I traveled the Millpond Trail, parts of the High Ridge Trail, as well as the Wetlands Boardwalk leading to the Creekside Trail. Much to my disappointment, (and perhaps a testament to the time of year or the intense heat of the early afternoon), I didn’t encounter much wildlife. I saw a yellow swallowtail butterfly, a mess of dragonflies, three turtles, two skinks, a male cardinal, and a dead snake (which, according to the trusty Snakes of North Carolina Online Identification System, was most likely a worm snake). The swallowtail wouldn’t sit still for a second, and the snake was just too morbid to photograph.


A yellowbelly slider suns among the lily pads on Yates Mill Pond. — Historic Yates Mill County Park; Raleigh, NC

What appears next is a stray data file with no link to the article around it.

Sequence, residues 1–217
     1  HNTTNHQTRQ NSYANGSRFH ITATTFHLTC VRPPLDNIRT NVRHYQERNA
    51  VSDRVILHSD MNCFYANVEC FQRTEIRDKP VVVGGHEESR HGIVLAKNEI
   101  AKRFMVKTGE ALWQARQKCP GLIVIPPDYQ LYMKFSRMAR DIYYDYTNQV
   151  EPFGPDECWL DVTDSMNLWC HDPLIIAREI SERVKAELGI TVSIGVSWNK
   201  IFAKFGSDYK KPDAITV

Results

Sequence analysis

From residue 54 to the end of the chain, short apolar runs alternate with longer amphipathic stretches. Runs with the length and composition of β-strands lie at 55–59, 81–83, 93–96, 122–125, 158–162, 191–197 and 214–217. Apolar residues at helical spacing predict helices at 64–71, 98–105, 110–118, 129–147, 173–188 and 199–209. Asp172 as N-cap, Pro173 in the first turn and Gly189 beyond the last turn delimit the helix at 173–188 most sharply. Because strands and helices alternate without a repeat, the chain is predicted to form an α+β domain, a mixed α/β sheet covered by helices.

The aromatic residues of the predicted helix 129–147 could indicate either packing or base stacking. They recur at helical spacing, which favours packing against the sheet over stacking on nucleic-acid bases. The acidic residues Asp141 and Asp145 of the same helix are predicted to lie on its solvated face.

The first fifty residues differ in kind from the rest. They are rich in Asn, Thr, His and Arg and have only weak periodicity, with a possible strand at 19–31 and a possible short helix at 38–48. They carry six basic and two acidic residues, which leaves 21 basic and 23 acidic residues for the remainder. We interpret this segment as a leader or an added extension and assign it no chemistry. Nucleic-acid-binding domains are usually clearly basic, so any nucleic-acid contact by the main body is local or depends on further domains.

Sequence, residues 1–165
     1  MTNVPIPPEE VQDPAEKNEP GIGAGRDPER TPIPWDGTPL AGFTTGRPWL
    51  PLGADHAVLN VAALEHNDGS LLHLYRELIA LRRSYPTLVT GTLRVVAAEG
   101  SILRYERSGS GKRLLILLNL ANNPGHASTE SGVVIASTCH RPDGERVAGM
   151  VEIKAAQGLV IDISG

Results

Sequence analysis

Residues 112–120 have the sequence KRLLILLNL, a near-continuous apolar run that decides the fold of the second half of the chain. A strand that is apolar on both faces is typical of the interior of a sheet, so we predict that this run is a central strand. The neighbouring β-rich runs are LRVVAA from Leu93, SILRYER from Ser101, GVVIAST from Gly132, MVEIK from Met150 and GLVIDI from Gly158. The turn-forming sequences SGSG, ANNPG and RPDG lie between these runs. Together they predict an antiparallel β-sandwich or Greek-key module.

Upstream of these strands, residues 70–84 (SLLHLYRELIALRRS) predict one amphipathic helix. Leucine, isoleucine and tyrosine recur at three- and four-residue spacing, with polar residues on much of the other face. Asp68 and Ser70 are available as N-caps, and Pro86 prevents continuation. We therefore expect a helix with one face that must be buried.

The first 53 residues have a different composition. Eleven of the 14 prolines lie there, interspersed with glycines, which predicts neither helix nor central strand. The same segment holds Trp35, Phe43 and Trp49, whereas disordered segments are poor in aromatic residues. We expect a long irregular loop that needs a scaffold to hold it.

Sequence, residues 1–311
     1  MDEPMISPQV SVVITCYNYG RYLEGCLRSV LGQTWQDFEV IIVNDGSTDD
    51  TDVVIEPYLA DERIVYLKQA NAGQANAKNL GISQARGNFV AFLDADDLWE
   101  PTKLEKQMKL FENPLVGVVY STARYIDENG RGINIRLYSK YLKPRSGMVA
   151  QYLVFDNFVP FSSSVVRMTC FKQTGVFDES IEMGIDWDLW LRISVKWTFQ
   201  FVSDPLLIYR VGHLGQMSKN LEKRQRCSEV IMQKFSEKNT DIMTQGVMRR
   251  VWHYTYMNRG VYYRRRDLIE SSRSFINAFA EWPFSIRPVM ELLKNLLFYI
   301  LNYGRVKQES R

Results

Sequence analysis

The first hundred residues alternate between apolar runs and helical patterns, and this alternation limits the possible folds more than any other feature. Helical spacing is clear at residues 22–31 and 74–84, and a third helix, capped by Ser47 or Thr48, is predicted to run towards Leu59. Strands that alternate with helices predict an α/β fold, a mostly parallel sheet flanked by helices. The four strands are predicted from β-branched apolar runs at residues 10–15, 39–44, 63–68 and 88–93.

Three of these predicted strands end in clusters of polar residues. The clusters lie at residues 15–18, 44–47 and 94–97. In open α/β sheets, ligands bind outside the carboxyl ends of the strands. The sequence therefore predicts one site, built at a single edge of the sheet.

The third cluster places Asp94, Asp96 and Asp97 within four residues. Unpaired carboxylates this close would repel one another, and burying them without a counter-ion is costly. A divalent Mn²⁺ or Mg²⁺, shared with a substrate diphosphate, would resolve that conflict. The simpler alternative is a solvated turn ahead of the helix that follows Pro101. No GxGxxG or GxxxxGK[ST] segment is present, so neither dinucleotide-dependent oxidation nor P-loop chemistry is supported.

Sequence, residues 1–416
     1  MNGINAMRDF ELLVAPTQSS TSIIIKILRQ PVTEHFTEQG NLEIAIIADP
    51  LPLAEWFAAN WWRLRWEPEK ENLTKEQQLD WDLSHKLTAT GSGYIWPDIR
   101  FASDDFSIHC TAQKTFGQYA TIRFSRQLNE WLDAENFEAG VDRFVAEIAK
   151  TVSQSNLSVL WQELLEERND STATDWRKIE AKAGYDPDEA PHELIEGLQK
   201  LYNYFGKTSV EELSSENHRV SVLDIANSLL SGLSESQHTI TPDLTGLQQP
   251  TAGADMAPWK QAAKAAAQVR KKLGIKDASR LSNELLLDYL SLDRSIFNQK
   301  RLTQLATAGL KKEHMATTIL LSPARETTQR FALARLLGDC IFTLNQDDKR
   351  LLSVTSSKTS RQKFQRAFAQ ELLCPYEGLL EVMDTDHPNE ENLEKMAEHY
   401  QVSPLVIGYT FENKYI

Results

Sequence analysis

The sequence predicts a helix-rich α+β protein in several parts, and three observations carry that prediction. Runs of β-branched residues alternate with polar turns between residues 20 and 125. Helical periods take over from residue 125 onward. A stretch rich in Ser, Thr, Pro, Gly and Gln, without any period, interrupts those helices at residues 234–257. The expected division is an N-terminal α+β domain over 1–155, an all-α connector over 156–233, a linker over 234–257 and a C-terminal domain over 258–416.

Plants along the pond’s edge provide food and shelter for animals. They’re pretty to look at, too. — Historic Yates Mill County Park; Raleigh, NC


A common whitetail dragonfly on the water along the Wetlands Boardwalk leading to the Creekside Trail. — Historic Yates Mill County Park; Raleigh, NC


Beaver make their homes along the creek and wetlands of Yates Mill. Did you know that young beaver are called kits? …That’s just one of the many informative facts you’ll find along the trails and in the education center at Historic Yates Mill County Park. (Raleigh, NC)


Can you spot the skink (lizard) in this photograph? I spotted him in the brush along the Millpond Trail. — Historic Yates Mill; Raleigh NC


A five-lined skink near the outdoor amphitheater. — Historic Yates Mill County Park; Raleigh, NC


An open field adjacent to the amphitheater. — Historic Yates Mill County Park; Raleigh, NC